Robert Johnson, the founder of BET television and America’s first black billionaire, had some positive things to say about the economy in April, but most liberal media failed to notice. The one national paper to cover it delayed including it in the print edition for more than a week. Citing multiple factors including “fairly stable” interest rates, the “Trump tax cut,” and historically low unemployment for African Americans, Johnson said, “Business is very good.”
A fuzzy animal, faulty directions and famous murderers all outranked the latest jobs report from the Bureau of Labor Statistics.
The BLS announced on April 6, that the U.S. added 103,000 jobs in March and unemployment remained low. However, the more than 25 million combined viewers of the broadcast networks' evening shows weren’t notified that night.
February job gains came in at a whopping 313,000 new jobs, so much that NBC Nightly News anchor Lester Holt acknowledged it “blows away economists’ expectations.” The Wall Street Journal said expectations were at only 205,000. Unemployment also remained at the 17-year-low of 4.1 percent. But only one of the big three networks gave the good news any serious attention.
CNN last updated a presentation tracking job growth since President Donald Trump's inauguration on January 5, the day the government issued its December jobs report. This halt coincided with the January effective date of the GOP-Trump tax-cut law and wide expectations of significant job growth because of that legislation, and is more evidence — as if we needed any — that the network which is obsessed with reporting negative news about Trump and his administration is allergic to anything which might make him and his policies look good.
A recent article in The Guardian dons the foreboding title "Robots will destroy our jobs -- and we're not ready for it." The article claims, "For every job created by robotic automation, several more will be eliminated entirely. ... This disruption will have a devastating impact on our workforce."
The propagandists disguised as "fact-checkers" at the Washington Post unleashed pent-up frustration Wednesday when they evaluated President Donald Trump's February 5 claim that wages are, "for the first time in many years, rising." They gave Trump's claim its worst possible evaluation of "Four Pinocchios," i.e., a "whopper." Too bad for the Post that detailed work published by Reuters two days earlier had already debunked its evaluation.
Two nights before the Philadelphia Eagles took home its first Super Bowl trophy, the networks were far more focused on stories related to the big game than to one measure of the U.S. economy. So pre-game stories still outranked the strong jobs report nearly 5-to-1.
At the Cincinnati Enquirer on Monday, reporter Jessie Balmert "fact-checked" President Donald Trump's afternoon speech at a suburban manufacturer. Balmert is the Enquirer reporter who in mid-2016 told readers that there were 220,000 U.S. murders in 2015 (actual number: 15,192). As would be expected, her Monday "fact check" was riddled with obvious errors and distortions.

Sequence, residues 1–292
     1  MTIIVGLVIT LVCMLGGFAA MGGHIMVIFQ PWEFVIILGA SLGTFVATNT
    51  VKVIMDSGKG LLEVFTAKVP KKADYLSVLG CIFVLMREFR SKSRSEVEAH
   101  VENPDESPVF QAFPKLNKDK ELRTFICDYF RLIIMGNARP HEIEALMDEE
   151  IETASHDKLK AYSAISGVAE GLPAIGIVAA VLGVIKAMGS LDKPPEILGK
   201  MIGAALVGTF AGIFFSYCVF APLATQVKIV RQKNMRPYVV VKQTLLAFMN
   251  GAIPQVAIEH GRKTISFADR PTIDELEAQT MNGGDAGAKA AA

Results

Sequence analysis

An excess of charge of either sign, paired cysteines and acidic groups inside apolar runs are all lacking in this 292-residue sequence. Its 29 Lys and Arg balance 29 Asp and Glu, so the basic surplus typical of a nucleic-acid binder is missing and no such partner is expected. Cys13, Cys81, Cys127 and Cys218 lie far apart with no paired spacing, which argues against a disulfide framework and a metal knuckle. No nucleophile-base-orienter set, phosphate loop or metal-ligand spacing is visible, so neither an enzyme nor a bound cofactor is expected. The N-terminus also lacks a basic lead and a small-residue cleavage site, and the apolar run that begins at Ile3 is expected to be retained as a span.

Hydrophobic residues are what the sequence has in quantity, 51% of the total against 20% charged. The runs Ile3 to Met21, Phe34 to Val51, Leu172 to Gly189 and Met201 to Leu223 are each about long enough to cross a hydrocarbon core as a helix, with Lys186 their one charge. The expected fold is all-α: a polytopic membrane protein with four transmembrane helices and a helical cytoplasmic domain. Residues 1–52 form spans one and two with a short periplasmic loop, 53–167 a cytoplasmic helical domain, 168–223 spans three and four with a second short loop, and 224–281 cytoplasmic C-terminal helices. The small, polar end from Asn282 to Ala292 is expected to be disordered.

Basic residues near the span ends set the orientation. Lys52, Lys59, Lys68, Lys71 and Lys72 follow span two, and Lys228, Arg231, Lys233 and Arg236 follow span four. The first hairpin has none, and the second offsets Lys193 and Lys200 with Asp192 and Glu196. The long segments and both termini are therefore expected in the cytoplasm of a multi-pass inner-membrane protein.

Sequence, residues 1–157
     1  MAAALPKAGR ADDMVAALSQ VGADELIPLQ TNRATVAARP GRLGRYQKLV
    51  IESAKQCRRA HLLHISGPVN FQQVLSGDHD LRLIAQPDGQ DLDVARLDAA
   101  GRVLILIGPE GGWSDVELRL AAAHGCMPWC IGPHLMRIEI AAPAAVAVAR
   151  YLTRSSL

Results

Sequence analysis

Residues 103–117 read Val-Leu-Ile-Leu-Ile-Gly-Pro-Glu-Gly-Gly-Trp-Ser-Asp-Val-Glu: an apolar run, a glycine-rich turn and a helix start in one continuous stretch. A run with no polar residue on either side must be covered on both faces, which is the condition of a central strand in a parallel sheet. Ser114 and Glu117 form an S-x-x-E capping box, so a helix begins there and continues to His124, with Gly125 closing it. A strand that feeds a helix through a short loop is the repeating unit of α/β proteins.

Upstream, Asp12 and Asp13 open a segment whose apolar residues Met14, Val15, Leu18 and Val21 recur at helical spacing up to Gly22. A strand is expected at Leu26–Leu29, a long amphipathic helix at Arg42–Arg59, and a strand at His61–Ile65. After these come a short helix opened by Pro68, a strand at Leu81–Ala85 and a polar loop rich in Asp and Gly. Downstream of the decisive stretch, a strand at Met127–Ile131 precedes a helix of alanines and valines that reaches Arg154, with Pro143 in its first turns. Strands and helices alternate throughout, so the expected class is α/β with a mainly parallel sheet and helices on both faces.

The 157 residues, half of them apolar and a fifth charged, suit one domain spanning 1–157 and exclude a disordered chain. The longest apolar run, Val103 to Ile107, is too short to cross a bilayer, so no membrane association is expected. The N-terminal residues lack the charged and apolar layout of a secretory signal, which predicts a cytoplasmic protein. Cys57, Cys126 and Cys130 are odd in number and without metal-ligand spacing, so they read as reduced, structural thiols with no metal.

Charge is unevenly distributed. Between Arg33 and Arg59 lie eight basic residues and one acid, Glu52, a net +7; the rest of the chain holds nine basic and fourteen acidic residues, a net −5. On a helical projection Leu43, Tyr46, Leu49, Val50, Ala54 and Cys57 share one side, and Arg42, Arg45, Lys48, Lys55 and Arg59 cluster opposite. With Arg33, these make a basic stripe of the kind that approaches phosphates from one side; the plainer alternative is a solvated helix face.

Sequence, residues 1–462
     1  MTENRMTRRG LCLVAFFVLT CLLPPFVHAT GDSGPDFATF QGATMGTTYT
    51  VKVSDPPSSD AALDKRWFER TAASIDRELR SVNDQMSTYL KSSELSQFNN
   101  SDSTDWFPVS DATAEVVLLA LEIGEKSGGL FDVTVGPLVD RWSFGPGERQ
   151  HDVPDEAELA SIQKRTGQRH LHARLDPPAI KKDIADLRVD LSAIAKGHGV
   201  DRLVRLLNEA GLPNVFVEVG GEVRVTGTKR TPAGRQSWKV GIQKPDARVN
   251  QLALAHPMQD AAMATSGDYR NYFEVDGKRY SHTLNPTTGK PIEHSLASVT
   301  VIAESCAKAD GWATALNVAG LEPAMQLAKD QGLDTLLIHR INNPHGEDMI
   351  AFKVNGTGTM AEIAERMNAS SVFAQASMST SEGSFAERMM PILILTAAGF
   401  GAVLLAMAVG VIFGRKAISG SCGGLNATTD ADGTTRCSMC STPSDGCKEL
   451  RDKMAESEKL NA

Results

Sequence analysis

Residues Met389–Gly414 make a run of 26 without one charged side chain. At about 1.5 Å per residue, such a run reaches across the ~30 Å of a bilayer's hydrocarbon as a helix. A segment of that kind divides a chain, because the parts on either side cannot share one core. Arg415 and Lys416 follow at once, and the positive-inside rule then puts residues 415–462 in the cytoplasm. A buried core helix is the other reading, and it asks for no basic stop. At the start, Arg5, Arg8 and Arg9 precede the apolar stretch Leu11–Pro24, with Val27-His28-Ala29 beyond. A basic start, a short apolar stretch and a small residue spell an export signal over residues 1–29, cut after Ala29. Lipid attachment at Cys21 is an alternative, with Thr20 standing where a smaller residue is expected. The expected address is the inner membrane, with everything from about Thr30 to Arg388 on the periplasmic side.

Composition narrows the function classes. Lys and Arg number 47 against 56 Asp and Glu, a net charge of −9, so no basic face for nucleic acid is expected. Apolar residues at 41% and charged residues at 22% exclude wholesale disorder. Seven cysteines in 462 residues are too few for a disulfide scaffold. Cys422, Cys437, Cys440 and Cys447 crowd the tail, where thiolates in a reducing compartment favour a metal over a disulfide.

With Tuesday’s State of the Union well-received by the public (and not the liberal media), it was time to move on and back to spreading fake news, attacking Christians, and hurling around tired insults. Luckily for the Resistance, Wednesday’s Hardball accomplished just that thanks to four cringe-worthy moments featuring host Chris Matthews and a team of liberal guests and journalists.
Continuing its newly rediscovered fascination with fact-checking, in remission during the eight years of Obama, the New York Times’ Linda Qiu (hired during the Trump era) delivered yet another overheated fact-check of a Trump speech, this one delivered at the World economic Forum in Davos, Switzerland: “Where the Speech Veered From the Truth.” Qiu on Saturday evaluated seven statements (cut to four in print) -- two true, two false, and three that fell into the strange Trump-only category “needs more context." It mean sort of a “yes, but,” followed by a Democratic-friendly rebuttal of Trump’s accurate point.
Wisconsin Republican Governor Scott Walker gave his annual State of the State speech Wednesday. Naturally, Scott Bauer at the Associated Press, who has been on a seemingly singular mission to dispute and distort Walker's statements and actions during the Governor's seven years in office, treated absolutely true statements Walker made during that speech as somehow untruthful in a Thursday "Fact Check."
The GOP tax cuts scored yet another win on Wednesday when tech giant Apple cited the cuts as a driving factor for their newly announced plans to build a new campus, create 20,000 new jobs, and invest $350 billion in the U.S. economy among other exciting announcements. But despite the great news, NBC Nightly News and Spanish-language networks Univision and Telemundo failed to cover the story at all while CBS Evening News left out their praise for the tax cuts.